StubHub, one of the most well-known online ticket exchange companies, crashed for 20+ minutes following the Georgia Bulldogs double-overtime win in Atlanta on January 1st. Although StubHub has yet to reveal the cause of the crash, in the age of instant digital response Georgian fans immediately took to Twitter to announce they “broke StubHub”. In addition, many fans poked fun at the Bulldog pride and their ability to overthrow a major player in the industry. Despite the crash on social media, it’s unlikely that users will abandon StubHub; however, many users may have jumped to some of StubHub’s competitors – Razorgator, Vivid Seats, or SeatGeek to name a few. Apica released consumer expectations survey in mid-2017, showing consumers have little tolerance for slow websites, often abandoning them within 10 seconds. What can we learn from this? Companies, especially those who cater to an end-user, need to test and monitor their sites to handle spiked traffic, no matter how big or small. Application performance monitoring matters more than ever, and if StubHub can go down from a relatively small, regionalized event, so can your business. To this end, integrating website, application, and API performance testing and monitoring into your product and business strategy has never been as critically important as it is now. Find out how Apica can help your business ensure application performance monitoring today. Take a look at our products: Apica LoadTest, Apica Synthetic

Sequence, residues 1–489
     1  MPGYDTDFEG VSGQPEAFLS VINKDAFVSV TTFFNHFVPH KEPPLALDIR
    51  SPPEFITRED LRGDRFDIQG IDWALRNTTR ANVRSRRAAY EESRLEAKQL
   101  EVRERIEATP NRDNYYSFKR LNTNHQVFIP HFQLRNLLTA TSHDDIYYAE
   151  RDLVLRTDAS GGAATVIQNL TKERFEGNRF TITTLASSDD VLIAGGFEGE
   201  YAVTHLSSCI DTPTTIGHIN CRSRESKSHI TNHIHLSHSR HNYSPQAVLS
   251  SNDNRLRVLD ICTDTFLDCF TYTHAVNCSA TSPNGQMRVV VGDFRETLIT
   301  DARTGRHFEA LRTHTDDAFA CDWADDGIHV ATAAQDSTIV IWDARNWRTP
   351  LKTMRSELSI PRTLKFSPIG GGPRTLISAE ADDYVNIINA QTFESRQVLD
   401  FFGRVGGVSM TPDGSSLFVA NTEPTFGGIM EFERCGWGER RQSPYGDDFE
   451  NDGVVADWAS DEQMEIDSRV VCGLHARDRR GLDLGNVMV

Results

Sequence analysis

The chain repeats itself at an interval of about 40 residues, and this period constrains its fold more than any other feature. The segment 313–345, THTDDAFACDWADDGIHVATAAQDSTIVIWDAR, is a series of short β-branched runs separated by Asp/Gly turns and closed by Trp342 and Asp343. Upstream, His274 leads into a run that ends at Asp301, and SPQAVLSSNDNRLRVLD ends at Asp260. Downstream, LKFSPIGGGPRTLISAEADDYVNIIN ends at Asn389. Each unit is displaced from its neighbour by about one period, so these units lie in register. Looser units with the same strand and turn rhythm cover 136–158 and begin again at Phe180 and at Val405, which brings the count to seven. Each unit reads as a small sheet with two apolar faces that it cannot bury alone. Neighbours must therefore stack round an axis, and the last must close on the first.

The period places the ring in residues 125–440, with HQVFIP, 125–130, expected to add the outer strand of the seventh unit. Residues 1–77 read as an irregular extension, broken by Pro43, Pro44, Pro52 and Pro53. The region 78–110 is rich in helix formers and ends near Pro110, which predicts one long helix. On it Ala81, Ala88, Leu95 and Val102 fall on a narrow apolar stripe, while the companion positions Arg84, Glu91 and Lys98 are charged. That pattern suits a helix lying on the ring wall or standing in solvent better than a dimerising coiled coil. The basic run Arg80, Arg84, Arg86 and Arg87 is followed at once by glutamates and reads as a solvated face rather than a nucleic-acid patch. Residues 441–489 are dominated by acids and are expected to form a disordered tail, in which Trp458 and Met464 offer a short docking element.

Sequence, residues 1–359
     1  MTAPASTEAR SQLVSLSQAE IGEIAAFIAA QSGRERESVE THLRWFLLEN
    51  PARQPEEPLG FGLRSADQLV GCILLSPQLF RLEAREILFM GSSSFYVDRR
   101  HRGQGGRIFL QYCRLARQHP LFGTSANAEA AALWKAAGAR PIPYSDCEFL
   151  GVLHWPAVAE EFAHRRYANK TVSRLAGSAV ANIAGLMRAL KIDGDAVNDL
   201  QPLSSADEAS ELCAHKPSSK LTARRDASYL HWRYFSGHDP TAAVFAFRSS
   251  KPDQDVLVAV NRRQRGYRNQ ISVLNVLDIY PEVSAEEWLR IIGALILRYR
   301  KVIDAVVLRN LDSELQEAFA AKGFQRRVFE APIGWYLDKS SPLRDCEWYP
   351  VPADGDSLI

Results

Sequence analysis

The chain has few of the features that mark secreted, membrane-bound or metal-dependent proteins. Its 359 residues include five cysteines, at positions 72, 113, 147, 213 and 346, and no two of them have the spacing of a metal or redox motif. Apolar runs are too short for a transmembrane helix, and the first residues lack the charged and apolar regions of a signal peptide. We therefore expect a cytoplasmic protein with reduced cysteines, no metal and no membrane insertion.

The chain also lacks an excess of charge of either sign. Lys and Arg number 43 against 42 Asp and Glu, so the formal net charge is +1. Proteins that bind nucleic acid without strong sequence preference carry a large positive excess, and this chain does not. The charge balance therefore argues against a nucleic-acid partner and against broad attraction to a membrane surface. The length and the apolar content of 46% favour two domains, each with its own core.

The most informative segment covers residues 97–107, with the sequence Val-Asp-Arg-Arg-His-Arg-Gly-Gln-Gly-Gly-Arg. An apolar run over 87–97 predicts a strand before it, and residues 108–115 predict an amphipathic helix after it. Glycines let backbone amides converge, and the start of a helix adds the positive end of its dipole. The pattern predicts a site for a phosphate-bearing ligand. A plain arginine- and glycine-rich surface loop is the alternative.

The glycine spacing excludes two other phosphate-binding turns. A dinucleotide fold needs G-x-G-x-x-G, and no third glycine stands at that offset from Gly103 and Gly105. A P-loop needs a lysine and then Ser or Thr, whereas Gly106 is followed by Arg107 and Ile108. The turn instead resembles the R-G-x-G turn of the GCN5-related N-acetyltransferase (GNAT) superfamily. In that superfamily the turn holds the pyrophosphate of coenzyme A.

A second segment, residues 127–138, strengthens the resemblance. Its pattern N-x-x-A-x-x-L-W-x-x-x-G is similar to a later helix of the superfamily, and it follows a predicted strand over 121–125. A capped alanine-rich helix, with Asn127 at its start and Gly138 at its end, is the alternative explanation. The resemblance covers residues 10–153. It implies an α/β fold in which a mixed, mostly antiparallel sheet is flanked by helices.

Klarna’s 7 secrets for maintaining four nines uptime 1. Implement end-to-end responsibility 2. Get started on a shift in architecture (Microservices in cloud platform and graceful degradation) 3. Keep centralized Incident Management (operations land, OPs knowledge) 4. Support proper Problem Management 5. Do continuous improvement/feedback – on all levels (lives, dev-teams, retros, incident reports) 6. Save minutes/seconds in communication 7. Service customers from the new platform Last week 451 Research partnered with Apica‘s customer Klarna, a $319M+ fintech company, to understand how they improved their availability, increased their bottom line and overall customer satisfaction using a proactive monitoring toolset, including Apica Synthetic. Proactive DEM (digital experience monitoring) has become a business requirement for all digital organizations, and in a time when application complexity continues to rise and cloud migration is no longer just a strategic vision, businesses are investing in people, practices, and tools to ensure their critical internal and external applications are always-on and high performing. Watch the full webinar today.